Visitors to the Smithsonians National Museum of African American History and Culture are often overwhelmed by its heart-wrenching exhibitions. The museum explores everything from the horrors of segregation to triumphs in music, the arts and the ongoing battle for civil rights. It can be a lot to takeespecially the Slavery and Freedom exhibition that begins in the bowels of the museum, three stories below ground.

I was really angry with what I saw downstairs, says Shelley Lee Hing. Shes from Jamaica, but now lives in Arlington, Virginia, and was on her second visit. I know about it. But when you see it, it comes back to the forefront of your thoughts.

But Lee Hing says visitors shouldnt want to deny the things that they see here.

You want people to understand the struggles that African Americans went through, and the fact that this country was built on their backs literally, Lee Hing says.

Both she and her sister, Nadine Carey, were focused on the positive as the museum celebrates its first birthday. On , massive crowds filled the National Mall as President Barack Obama, the nations first black president, officially dedicated the new museum with the ringing of a bell to signal the official opening, after nearly a century of fitful planning.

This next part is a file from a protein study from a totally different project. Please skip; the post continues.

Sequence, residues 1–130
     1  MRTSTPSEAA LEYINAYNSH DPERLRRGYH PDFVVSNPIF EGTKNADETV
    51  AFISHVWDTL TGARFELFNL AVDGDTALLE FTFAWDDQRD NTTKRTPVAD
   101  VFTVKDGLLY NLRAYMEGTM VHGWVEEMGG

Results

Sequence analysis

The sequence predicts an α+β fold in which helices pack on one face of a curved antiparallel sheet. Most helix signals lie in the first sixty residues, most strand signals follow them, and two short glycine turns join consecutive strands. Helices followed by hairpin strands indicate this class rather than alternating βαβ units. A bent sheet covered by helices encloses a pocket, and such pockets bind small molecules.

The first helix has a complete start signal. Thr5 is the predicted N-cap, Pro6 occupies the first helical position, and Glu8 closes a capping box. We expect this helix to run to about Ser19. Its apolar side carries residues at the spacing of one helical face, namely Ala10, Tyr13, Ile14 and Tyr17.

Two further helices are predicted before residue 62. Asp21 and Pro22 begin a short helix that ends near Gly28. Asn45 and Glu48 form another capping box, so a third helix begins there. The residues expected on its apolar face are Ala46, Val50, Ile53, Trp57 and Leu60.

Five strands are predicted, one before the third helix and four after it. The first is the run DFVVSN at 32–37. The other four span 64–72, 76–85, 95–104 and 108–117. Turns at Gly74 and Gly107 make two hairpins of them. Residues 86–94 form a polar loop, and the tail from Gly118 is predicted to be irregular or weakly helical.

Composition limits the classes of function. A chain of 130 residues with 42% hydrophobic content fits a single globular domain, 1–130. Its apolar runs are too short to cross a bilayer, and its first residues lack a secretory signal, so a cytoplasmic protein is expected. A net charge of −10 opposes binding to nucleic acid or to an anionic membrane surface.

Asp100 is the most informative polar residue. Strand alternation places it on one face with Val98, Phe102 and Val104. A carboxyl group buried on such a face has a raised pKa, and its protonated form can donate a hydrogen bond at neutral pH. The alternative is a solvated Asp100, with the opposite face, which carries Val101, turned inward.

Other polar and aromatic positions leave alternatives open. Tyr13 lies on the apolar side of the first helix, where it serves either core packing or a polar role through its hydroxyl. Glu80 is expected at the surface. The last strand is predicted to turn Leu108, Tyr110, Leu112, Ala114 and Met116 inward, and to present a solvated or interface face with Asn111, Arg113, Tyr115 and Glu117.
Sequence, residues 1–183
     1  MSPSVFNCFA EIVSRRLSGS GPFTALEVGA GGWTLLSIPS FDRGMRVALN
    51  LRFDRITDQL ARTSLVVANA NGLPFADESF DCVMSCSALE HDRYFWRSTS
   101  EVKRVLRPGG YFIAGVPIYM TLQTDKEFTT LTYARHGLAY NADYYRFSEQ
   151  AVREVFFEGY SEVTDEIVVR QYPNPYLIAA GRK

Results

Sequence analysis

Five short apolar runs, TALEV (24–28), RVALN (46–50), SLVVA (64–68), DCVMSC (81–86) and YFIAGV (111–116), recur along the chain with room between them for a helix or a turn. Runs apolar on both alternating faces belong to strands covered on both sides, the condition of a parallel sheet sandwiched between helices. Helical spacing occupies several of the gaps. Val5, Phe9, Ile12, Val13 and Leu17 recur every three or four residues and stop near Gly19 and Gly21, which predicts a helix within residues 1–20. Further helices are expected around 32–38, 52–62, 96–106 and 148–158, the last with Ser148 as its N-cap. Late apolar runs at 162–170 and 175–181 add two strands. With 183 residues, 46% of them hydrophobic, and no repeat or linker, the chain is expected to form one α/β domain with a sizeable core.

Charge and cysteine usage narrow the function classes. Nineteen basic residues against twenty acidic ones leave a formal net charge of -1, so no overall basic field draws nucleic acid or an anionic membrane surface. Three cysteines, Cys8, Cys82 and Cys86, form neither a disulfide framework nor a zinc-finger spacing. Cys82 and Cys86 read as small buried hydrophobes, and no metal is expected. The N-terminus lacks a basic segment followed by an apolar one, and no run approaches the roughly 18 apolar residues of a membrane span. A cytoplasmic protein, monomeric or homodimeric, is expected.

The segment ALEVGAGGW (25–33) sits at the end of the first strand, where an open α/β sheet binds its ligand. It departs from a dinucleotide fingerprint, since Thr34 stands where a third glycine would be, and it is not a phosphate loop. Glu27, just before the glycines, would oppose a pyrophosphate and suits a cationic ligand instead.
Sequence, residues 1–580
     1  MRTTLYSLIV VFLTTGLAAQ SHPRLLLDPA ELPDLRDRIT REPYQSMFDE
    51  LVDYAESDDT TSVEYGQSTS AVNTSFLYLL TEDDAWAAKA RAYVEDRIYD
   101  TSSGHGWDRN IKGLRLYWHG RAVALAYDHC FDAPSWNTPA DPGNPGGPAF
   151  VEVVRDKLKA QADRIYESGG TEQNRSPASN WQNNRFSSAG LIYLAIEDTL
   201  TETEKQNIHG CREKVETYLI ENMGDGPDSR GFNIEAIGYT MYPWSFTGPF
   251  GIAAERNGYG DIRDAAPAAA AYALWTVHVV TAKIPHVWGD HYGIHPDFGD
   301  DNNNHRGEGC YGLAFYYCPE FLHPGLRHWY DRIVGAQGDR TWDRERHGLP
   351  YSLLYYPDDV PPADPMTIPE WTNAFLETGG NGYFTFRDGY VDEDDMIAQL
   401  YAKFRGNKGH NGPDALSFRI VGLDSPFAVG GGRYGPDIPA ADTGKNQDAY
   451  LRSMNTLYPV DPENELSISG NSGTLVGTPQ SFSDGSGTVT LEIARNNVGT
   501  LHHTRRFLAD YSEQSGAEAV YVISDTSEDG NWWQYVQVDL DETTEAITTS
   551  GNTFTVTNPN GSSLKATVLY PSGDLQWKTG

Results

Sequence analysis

Finally, and simply, from Sam Cookes iconic song: A change is gonna come.

Must See Exhibits At Nmaahc

The Smithsonians Black

The collection of artifacts was too much for any person to take in so I have encouraged all of my friends who have since visited to research what they wanted to see before going to be sure not to miss something important.

For some, this might be sitting for a while at the Greensboro counter exhibit or visiting Emmett Tills coffin. The Washingtonian put together their own must see list of exhibits in the Museum, but everyone has a different experience.

For me personally, the exhibit showing the wreckage from a Portuguese ship that sank off the coast of South Africa in 1794, killing more than half the estimated 400 slaves on board was on my list. Having visited Portugal twice and visiting their historical museums and monuments from their perspective of the slave trade, it was fascinating.